Bahar Mustafa, a student “welfare and diversity officer” at Goldsmiths, university of London, has been charged with sending threatening and grossly offensive messages online.
The initial disinvitation led to accusations of all manner of -isms when it appeared in April. Her response leaned heavily on dogmatic assertions that ethnic women are incapable of racism and sexism towards white men:
“There have been charges laid against me that I am racist and sexist towards white men.
“I, an ethnic minority woman, cannot be racist or sexist towards white men, because racism and sexism describe structures of privilege based on race and gender.
“Therefore, women of colour and minority genders cannot be racist or sexist, since we do not stand to benefit from such a system.”
The subsequent tweet, deploying a popular hashtag in the name of snark, did not inspire sympathy for the cause.
Neither did the decision in February to No Platform comedian Kate Smurthwaite, who was labelled “whorephobic” for her views on prostitution.*
“Ultimately, the safer spaces policy, which has been passed through our democratic structures, which [Brendan O’Neill] smirked at, is basically asking that people when they’re on campus do not participate in, kind of, oppressive behaviours.”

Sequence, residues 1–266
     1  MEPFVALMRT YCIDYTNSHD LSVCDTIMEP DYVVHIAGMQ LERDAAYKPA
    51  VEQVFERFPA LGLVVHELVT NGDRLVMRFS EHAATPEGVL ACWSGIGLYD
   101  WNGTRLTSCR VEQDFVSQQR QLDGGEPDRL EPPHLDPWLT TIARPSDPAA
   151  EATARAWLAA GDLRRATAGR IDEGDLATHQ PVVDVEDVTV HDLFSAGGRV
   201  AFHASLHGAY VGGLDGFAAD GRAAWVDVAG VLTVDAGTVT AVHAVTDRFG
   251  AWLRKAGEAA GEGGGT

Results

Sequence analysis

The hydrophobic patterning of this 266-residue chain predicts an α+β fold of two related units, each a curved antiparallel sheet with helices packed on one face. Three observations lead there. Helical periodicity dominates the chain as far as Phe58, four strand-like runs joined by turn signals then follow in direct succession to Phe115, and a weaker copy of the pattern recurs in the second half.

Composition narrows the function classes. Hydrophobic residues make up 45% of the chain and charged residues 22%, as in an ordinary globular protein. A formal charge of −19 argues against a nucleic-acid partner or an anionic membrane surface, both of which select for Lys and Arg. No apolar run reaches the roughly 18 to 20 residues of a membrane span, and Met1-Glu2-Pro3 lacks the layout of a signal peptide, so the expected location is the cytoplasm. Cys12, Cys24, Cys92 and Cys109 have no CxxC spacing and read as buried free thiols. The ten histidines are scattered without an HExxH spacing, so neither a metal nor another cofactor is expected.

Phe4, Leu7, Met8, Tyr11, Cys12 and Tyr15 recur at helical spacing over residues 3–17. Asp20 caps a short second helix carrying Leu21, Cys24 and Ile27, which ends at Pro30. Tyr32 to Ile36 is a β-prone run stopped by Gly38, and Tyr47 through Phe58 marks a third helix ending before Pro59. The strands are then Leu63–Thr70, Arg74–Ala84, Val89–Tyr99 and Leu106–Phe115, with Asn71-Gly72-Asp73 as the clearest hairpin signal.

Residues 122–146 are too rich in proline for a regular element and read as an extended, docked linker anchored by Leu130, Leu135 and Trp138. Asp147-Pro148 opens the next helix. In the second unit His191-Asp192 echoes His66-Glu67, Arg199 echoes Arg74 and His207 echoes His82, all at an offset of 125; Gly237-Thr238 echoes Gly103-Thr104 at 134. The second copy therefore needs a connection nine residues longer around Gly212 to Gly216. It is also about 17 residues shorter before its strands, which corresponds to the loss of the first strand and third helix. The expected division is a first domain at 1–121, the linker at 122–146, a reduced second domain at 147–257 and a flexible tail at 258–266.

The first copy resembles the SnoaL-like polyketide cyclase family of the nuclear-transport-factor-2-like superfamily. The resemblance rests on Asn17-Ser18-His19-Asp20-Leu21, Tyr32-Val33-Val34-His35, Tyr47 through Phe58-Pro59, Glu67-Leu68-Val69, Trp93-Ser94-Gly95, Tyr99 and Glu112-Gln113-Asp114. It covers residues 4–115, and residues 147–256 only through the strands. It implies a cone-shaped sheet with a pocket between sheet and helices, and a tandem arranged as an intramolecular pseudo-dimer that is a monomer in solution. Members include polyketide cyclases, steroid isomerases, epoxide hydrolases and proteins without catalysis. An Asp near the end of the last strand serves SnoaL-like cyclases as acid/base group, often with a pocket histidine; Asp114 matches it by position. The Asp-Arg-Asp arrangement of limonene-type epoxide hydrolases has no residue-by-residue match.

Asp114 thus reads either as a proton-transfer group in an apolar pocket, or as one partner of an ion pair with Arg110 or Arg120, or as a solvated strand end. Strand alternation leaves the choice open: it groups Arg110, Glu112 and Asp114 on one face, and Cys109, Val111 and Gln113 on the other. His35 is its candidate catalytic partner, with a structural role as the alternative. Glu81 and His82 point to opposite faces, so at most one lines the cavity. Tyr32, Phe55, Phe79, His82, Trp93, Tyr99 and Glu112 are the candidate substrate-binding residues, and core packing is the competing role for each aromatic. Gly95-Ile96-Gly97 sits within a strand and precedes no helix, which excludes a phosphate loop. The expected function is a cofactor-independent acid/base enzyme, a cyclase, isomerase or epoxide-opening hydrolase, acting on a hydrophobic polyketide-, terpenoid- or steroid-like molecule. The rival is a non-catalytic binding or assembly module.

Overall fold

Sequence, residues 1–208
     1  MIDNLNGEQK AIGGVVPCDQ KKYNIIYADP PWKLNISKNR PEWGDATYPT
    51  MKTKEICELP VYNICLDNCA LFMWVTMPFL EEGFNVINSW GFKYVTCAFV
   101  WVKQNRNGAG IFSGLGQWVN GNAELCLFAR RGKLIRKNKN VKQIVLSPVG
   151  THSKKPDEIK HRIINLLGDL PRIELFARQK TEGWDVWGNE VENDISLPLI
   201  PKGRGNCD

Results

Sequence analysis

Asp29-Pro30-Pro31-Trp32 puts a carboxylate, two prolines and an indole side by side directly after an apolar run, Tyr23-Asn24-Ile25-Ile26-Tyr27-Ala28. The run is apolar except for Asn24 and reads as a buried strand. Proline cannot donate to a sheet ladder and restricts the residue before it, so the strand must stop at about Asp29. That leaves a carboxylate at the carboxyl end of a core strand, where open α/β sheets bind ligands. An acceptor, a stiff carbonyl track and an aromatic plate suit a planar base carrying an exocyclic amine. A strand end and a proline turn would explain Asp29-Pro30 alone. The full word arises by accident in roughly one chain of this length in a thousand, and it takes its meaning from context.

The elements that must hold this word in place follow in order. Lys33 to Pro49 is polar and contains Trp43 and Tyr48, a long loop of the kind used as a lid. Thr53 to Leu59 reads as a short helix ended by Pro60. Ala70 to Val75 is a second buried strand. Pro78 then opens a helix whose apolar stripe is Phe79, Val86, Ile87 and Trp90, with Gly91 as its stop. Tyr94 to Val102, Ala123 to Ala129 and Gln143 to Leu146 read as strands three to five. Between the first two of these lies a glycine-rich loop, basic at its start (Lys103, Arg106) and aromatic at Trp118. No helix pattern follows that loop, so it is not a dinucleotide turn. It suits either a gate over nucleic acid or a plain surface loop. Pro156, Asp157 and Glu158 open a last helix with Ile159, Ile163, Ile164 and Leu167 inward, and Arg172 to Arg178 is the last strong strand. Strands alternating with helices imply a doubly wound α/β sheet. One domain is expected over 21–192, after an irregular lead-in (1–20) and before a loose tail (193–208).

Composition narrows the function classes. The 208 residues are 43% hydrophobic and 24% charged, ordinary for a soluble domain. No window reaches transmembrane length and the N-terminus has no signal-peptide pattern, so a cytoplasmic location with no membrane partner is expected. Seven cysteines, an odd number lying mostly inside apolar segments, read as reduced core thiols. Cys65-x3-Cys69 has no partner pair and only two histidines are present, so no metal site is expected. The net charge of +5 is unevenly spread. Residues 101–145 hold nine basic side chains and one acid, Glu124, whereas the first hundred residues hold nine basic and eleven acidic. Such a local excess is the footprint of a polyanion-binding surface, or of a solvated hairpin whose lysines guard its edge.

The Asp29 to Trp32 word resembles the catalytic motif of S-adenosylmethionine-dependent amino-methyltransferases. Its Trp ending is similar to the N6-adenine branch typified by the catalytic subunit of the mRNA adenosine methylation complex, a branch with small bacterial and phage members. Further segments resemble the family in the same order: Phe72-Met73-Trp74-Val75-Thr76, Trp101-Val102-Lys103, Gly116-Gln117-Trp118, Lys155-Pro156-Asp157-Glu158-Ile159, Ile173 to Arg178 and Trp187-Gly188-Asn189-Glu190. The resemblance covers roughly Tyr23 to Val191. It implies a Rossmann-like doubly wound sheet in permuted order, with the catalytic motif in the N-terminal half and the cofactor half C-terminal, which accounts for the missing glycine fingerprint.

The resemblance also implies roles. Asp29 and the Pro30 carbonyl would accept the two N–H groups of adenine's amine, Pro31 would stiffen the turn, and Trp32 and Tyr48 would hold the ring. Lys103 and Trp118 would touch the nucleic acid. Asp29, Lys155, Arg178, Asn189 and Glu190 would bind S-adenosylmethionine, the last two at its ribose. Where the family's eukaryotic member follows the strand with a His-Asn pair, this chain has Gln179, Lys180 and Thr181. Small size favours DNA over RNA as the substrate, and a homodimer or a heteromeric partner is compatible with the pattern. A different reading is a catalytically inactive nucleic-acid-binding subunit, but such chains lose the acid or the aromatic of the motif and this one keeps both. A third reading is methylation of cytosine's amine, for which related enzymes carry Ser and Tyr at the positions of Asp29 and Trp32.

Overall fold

“Asking” is putting a polite spin on things. Goldsmiths’ Students’ Union does not deign to ask that students respect each other’s “safe spaces,” but actively regulates certain kinds of behaviour and speech on campus.
Its No Platform policy forbids purportedly racist speakers and places a de facto ban on pro-life groups. Evidently, as in the case of Kate Smurthwaite, the standard for what constitutes offensive speech is quite low.
So much for diversity of opinion.
The predicament in which Mustafa now finds herself is an inevitable extension of the very anti-discrimination policies in place at Goldsmiths that are often used to silence unpopular speech. By regulating what students are and are not allowed to say on campus, lest someone says something that might hurt someone else’s feelings, these policies prioritise safety at the expense of freedom of speech.
Activists like Bahar Mustafa defend their censorious attitudes with dogmatic gibberish and snarky retorts. They wrap themselves in the clothes of the oppressed, encased within the bubble that is modern education, safe in the knowledge that the watery rhetoric on which they float their theories will never, ever touch them.
*Smurthwaite is a proponent of the “Nordic” model, a legal approach that criminalises the act of solicitation while decriminalising the act of prostitution itself.